A cognitive bias is an inherent thinking ‘blind spot’ that reduces thinking accuracy and results inaccurate–and often irrational–conclusions.

Much like logical fallacies, cognitive biases can be viewed either as causes or effects but can generally be reduced to broken thinking. Not all ‘broken thinking,’ blind spots, and failures of thought are labeled, of course. But some are so common that they are given names–and once named, they’re easier to identify, emphasize, analyze, and ultimately avoid.

And that’s where this list comes in.

Cognitive Bias –> Confirmation Bias

For example, consider confirmation bias.

In What Is Confirmation Bias? we looked at this very common thinking mistake: the tendency to overvalue data and observation that fits with our existing beliefs.

The pattern is to form a theory (often based on emotion) supported with insufficient data, and then to restrict critical thinking and ongoing analysis, which is, of course, irrational. Instead, you look for data that fits your theory.

While it seems obvious enough to avoid, confirmation bias is particularly sinister cognitive bias, affecting not just intellectual debates, but relationships, personal finances, and even your physical and mental health. Racism and sexism, for example, can both be deepened by confirmation bias. If you have an opinion on gender roles, it can be tempting to look for ‘data’ from your daily life that reinforces your opinion on those roles.

This is, of course, all much more complex than the above thumbnail. The larger point, however, is that a failure of rational and critical thinking is not just ‘wrong’ but erosive and even toxic not just in academia, but at every level of society.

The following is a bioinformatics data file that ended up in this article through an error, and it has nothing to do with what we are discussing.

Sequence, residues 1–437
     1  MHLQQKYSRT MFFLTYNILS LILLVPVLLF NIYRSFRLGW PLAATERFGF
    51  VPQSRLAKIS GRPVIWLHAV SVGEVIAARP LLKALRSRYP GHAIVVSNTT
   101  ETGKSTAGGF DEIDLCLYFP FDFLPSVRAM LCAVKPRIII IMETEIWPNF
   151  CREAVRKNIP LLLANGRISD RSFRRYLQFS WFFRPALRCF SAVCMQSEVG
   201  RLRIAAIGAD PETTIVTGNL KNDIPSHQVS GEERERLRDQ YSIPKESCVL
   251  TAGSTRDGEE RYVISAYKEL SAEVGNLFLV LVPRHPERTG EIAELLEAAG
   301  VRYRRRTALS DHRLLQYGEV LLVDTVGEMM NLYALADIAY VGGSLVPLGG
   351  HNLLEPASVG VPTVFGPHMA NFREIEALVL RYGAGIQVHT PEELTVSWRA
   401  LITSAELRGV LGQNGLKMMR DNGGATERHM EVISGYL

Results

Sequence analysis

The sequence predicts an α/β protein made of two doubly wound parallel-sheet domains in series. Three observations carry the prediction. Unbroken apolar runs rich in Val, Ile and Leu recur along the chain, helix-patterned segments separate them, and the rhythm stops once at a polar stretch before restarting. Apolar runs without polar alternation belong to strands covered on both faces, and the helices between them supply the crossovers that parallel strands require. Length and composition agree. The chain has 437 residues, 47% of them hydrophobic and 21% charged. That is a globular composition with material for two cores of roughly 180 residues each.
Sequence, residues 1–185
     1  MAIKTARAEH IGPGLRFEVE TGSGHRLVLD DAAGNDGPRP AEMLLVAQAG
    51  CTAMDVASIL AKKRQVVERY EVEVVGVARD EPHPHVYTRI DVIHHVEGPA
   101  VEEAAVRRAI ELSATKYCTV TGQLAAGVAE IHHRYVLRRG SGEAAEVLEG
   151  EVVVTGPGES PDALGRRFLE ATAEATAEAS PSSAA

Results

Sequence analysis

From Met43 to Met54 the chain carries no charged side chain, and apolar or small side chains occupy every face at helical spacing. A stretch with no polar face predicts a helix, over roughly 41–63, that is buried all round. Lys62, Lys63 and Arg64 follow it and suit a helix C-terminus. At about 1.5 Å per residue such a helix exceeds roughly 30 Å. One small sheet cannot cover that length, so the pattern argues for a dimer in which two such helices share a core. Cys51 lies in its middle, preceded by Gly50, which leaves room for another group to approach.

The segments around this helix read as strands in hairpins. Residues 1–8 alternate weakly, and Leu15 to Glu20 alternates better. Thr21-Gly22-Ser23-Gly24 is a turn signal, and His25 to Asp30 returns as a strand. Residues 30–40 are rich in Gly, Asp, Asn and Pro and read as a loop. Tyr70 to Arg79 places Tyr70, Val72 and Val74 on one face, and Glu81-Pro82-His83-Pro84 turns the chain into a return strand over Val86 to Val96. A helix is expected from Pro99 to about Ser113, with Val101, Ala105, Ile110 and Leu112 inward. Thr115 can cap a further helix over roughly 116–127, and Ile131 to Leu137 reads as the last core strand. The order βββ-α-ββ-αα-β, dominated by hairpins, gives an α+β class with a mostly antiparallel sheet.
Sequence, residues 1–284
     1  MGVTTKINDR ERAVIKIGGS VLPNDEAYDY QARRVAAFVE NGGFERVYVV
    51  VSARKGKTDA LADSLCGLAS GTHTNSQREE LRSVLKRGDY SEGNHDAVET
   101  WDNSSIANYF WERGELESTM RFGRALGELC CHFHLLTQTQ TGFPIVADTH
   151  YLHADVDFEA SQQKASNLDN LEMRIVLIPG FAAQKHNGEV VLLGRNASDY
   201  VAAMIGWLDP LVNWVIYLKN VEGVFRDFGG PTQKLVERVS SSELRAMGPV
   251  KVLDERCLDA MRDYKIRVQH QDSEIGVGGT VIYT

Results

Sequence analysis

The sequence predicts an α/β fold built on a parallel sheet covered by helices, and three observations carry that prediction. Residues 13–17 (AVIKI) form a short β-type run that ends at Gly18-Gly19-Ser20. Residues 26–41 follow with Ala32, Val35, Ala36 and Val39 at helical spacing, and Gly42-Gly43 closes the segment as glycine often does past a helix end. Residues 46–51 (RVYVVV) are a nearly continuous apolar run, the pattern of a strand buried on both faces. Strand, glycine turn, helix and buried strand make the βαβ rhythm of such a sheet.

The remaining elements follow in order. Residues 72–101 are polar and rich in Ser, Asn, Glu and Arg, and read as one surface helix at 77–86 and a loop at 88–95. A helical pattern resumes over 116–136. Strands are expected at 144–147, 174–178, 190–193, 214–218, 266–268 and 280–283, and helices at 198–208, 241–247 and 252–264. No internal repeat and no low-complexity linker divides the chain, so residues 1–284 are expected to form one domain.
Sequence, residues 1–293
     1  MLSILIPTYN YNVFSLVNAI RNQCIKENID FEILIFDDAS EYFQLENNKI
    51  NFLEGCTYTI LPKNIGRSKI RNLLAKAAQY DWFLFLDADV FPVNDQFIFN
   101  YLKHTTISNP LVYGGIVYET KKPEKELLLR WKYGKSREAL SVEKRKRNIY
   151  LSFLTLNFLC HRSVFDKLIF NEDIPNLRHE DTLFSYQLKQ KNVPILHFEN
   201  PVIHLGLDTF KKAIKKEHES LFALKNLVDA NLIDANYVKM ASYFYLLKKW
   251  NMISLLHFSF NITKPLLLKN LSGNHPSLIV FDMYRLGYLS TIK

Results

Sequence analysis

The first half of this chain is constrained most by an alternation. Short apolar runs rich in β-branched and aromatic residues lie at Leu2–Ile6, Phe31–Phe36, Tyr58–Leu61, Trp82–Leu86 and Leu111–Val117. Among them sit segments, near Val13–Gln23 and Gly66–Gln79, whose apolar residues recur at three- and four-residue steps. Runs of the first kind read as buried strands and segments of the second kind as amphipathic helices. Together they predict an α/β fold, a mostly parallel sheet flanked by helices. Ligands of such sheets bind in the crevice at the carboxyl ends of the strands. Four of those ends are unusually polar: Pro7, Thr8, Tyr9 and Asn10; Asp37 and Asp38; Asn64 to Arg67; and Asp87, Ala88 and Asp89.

The Cognitive Bias Codex: A Visual Of 180+ Cognitive Biases

And that’s why a graphic like this is so extraordinary. In a single image, we have delineated dozens and dozens of these ‘bad cognitive patterns’ that, as a visual, underscore how commonly our thinking fails us–and a result, where we might begin to improve. Why and how to accomplish this is in a modern circumstance is at the core of TeachThought’s mission.

The graphic is structured as a circle with four quadrants categorizing the cognitive biases into four categories:

1. Too Much Information

2. Not Enough Meaning

3. Need To Act Fast

4. What Should We Remember?

We’ve listed each fallacy below, moving clockwise from ‘Too Much Information’ to ‘What Should We Remember?’ Obviously, this list isn’t exhaustive–and there are even subjectivities and cultural biases embedded within (down to some of the biases themselves–the ‘IKEA effect,’ for example). The premise, though, remains intact: What are our most common failures of rational and critical thinking, and how can we avoid them in pursuit of academic and sociocultural progress?